"I think competition can make people stronger at whatever it is they're competing on. If we're competing in some athletic event for competitive swimmers, really intensely competing, it's likely that both of us will become better, but it's also quite possible we'll lose sight of what's truly valuable."Peter Thiel
No doubt macho cavemen began challenging each other to cookoffs soon after the first bonfire, but today, barbecue cookoffs may be the nation's fastest growing sport. With scores of new ones popping up every year, the current count is probably close to 1,000.
The first barbecue cooking competition was the Kaiser Foil Cookoff conducted in 1959 in Hawaii, just a few months after Hawaii became a state. "For Men Only" contestants sent in their main dish recipes, 25 finalists were chosen and flown with their wives (assuming they were all married) to the Hawaiian Village Hotel on Waikiki for the cookoff.
First prize was the title "Grand National Cookout Champion" and $10,000 cash. 2nd, 3rd, 4th, and 5th prizes were a Jeep Station Wagon! The entry form had "Bar-B-Tricks" that emphasized wrapping things in foil before putting on the barbecue. I found this recipe in the May 29, 1960 Los Angeles Times:
Pork Tenderloin Javanese
2 pounds pork tenderloin
6 Brazil nuts, grated
1 cup minced onion
2 cloves garlic, minced
1/4 cup lemon juice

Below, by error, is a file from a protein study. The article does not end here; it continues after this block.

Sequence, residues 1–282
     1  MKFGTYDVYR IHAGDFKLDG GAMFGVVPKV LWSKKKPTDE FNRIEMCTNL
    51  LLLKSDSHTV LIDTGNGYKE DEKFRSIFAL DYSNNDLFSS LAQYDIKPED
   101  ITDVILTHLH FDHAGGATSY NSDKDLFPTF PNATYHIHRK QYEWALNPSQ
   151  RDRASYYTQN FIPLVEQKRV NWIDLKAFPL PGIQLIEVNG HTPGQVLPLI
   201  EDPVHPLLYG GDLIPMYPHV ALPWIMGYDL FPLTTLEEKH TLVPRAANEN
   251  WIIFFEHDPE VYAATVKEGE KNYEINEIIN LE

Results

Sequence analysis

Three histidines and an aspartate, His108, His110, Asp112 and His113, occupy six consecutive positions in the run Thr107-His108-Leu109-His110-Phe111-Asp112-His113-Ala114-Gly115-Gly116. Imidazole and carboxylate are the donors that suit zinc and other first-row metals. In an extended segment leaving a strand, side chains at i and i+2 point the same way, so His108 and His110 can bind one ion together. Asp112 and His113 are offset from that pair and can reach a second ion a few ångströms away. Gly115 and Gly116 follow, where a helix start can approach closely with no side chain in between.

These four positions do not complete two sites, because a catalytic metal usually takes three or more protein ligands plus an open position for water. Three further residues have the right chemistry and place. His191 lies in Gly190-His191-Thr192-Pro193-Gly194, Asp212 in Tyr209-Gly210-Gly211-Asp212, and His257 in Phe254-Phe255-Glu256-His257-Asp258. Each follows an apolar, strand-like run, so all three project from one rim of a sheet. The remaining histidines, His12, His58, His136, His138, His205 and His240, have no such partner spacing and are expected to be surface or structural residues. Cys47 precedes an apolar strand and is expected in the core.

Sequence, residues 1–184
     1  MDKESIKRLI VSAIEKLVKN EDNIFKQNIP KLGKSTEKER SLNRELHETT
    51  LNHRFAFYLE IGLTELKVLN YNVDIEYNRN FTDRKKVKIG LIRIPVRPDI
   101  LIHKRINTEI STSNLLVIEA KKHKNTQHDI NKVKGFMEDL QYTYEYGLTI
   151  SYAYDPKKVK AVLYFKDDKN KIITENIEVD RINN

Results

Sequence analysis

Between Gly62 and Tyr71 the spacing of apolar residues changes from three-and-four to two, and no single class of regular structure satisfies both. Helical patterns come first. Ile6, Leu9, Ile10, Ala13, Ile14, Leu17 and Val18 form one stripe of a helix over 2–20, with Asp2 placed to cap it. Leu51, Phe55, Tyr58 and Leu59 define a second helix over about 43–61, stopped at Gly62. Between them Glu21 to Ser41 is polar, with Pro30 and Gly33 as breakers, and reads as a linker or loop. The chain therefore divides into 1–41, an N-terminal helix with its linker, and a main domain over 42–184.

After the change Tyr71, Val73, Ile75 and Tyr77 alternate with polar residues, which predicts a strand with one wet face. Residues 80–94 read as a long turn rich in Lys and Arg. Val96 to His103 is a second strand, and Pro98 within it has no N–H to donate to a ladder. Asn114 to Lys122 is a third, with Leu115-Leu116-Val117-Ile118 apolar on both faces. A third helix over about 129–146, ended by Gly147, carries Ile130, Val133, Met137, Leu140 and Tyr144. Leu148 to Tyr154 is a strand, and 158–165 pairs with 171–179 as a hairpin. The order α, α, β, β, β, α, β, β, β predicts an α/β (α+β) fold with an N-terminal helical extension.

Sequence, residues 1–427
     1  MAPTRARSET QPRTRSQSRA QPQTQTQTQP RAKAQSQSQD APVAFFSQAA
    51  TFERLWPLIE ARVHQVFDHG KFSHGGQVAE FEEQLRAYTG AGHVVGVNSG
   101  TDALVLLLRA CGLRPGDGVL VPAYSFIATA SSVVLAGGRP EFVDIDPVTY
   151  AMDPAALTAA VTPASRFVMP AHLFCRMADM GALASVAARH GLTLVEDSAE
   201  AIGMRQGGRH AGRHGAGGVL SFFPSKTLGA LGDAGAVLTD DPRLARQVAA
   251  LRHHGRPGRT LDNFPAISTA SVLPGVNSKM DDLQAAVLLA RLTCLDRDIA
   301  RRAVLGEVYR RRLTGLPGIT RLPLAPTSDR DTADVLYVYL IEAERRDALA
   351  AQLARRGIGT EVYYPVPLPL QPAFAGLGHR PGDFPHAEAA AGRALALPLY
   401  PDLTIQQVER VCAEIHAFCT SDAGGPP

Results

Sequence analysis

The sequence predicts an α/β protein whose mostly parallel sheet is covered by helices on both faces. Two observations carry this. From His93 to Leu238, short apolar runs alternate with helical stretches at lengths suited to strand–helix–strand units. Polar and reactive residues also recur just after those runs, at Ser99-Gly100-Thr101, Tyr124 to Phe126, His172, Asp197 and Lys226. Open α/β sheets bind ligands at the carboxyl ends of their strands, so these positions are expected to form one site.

1/4 cup soy sauce
2 tablespoons brown sugar
2 tablespoons ground coriander
1/4 teaspoon crushed red pepper
1/4 cup olive oil or vegetable oil
Hot saffron rice, or lightly curried rice with currants
Trim excess fat from meat. Cut meat into 1-inch cubes. Combine nuts, onion, garlic, lemon juice, soy sauce, sugar, seasonings and oil. Add pork cubes; marinate for 10 minutes. Place pork on metal skewers; reserve marinade. Grill over hot coals, or broil for about 10 minutes on each side, brushing once on each side with the reserve marinade. Serve pork on skewers along with hot rice.
The Kaiser event took place again in 1960, and I am not sure when it stopped.
The template for modern barbecue competitions comes from chili cookoffs, the first of which, like so many other food firsts, was held at the State Fair of Texas in 1952 in Dallas. The World Championship Cow Country BBQ Cookout, held June 3, 1972 in Uvalde, TX at an event called Arama Days was probably patterned after the many chili cookoffs around the state.
According to John Raven of Johnson City, TX, the winner was Kermit Hahne as head cook for the Brazos Barristers cooking team of San Antonio. Hahne lived in Stonewall and, according to Raven, often did catering for President Lyndon Johnson. In the photo above we see "Big John" Hamilton, an actor who appeared in numerous John Wayne movies, David Low, one of the competitors, and Slim Pickens, a popular actor in numerous Westerns as well as Blazing Saddles. His most famous role was probably in Dr. Strangelove in which he famously played Maj. "King" Kong, a B-52 pilot who rode a nuclear bomb to its target in Russia waving his cowboy hat. Special thanks to Raven who located the photo above in the Uvalde Union Leader.
The next year, in 1973, there was another competition in Covington, TN, and the first Brady World Championship BBQ Goat Cook-off. Over the next decade there were several others, but the first really big competition was in Chicago. In 1982 Pulitzer Prize winning Chicago Sun-Times columnist Mike Royko bragged that he made the best ribs anywhere and set in motion the annual Mike Royko Ribfest in Grant Park on the Lake Michigan lakefront. There were more than 400 contestants the first year. The winner was Charlie Robinson who parlayed his instant fame into a restaurant and a line of sauces and spices.